As the game progresses, so does the challenge, with tracks featuring all manner of sweeping curves, tubes and lethal jumps, all a break-neck speed. The visual look and environments feature unique qualities, from deserts and snow, to jungles to volcanoo. Everything is wonderfully realised and highly polished with a wide range of post processing effects, all hitting 60fps+ on my older GTX780. Another unique feature is the colour of the barriers around the circuit that reflect the speed of the corner: red barriers, for example, indicate a slow corner or hairpin. It's a great, yet subtle addition.



Audio is equally impressive, featuring a wide range of atmospheric and spot effects from air brakes and various thrusters, all subtley implemented. This same level of care has been applied to the music selection, each professionally produced and reflecting the nature of the region the circuits are based within. The tunes somehow manage to capture a retro feel in their construction while being well balanced to the action. However, the game could do with slightly wider selection of music - when playing several races in the same region in succession it can quickly become repetitive. A few more audio tracks would have been welcome.

There’s some limited depth in terms of agreeing contracts for extra cash in the career to purchase upgrades for your craft or new weapon systems. But with the game being locked from the outset, each series of races predominantly takes place in one location, making for a repetitive task in terms of environments. However, there was enough diversity in terms of challenge and circuit style to keep me going, leaving me wanting to explore more as I progressed to the higher speed classes.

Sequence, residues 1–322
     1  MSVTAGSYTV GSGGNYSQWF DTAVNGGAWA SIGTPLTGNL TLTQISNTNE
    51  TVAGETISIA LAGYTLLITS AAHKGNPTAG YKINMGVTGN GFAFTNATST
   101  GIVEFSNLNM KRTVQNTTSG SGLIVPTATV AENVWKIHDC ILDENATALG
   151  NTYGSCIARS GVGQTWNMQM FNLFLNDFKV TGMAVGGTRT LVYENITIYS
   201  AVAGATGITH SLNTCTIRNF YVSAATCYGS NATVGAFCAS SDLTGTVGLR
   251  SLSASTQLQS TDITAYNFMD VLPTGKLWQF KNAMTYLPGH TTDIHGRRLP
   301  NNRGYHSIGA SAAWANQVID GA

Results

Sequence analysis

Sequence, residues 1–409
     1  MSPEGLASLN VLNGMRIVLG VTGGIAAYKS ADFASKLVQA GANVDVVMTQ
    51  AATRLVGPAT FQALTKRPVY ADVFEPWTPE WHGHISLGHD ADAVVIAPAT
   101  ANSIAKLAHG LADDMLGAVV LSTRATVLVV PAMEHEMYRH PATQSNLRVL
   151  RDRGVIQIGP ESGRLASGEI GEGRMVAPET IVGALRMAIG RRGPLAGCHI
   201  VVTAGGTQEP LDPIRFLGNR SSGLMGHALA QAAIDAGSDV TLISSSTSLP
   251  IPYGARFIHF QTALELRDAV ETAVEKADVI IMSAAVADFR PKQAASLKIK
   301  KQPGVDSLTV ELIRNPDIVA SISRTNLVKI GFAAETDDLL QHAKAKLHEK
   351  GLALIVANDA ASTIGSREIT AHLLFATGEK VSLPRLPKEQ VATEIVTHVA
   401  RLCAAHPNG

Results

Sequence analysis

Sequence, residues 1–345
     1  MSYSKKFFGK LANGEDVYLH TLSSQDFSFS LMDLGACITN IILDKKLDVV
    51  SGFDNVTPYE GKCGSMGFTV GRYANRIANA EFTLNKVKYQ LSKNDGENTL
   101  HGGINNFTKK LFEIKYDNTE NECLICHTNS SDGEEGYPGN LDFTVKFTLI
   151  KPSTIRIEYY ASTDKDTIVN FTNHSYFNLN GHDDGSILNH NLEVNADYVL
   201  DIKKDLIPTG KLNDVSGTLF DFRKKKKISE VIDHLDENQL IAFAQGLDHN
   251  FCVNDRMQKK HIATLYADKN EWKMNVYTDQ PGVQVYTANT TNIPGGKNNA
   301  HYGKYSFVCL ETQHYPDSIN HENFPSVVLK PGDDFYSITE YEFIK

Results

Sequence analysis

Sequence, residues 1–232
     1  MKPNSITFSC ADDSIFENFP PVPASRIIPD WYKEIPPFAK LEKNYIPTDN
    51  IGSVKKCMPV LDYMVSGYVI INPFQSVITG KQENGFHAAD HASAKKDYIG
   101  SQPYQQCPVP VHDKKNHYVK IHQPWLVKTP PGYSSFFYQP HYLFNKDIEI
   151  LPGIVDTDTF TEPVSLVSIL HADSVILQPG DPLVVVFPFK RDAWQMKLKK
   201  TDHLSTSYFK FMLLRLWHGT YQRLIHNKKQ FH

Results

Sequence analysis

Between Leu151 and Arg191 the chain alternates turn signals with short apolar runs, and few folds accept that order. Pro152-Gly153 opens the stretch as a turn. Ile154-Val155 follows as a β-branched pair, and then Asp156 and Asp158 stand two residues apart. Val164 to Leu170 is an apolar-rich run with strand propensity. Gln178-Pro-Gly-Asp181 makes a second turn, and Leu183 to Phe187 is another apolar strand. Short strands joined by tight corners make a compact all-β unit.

Speed classes range from one to four, with four being a class of extreme speed for the expert player. But what a rush: it’s a challenge yet the circuit design really works at the higher speeds, testing player’s reaction times on every turn and jump, although jumps are quite frustrating to master. A note must also go to the inspired SRRL Challenge Races which connect several different tracks within one environment via warp gates, giving a head rush of extreme proportions. As a speed freak myself, I found these a pretty awesome addition. 

A whole range of visual effects, not seen in other racing titles.

Online modes are limited and at the time of testing there wasn’t much variety of races online. Lobbies were also including mixed ship classes, so only go online when you’ve maxed out your class four craft. Updates since this review may have fixed this issue, but the lack of polish here in terms of menus feels more apparent, with no XP or experience shown.

Te lack of replay and photo modes is also disappointing, though with the game's budget price it's clear some of the less urgent features weren’t key for the PC release, but they will be of key importance to the forthcoming console version.

VR is another area of development. Menus work well, but in-game there really needs to be a cockpit camera. In the short term it’s a nice addition but a little hard on these eyes, though this is something I’ll come back to when my PC is upgraded to play in the highest quality. VR is no doubt a work in progress for now, though, and we’ll continue to see updates here. 



Redout has been a huge surprise and an exceptional achievement for 34 Big Things, with an inspired control method combined with a unique style and some great ideas. However, revised presentational flow, combined with a few more locations and some aforementioned options could see Redout eventually become the anti-gravity racing classic it so deserves to be. In the meantime, at £26.99 Redout is a great deal on PC, and a game that deserves to be in any anti-gravity racing fan's collection.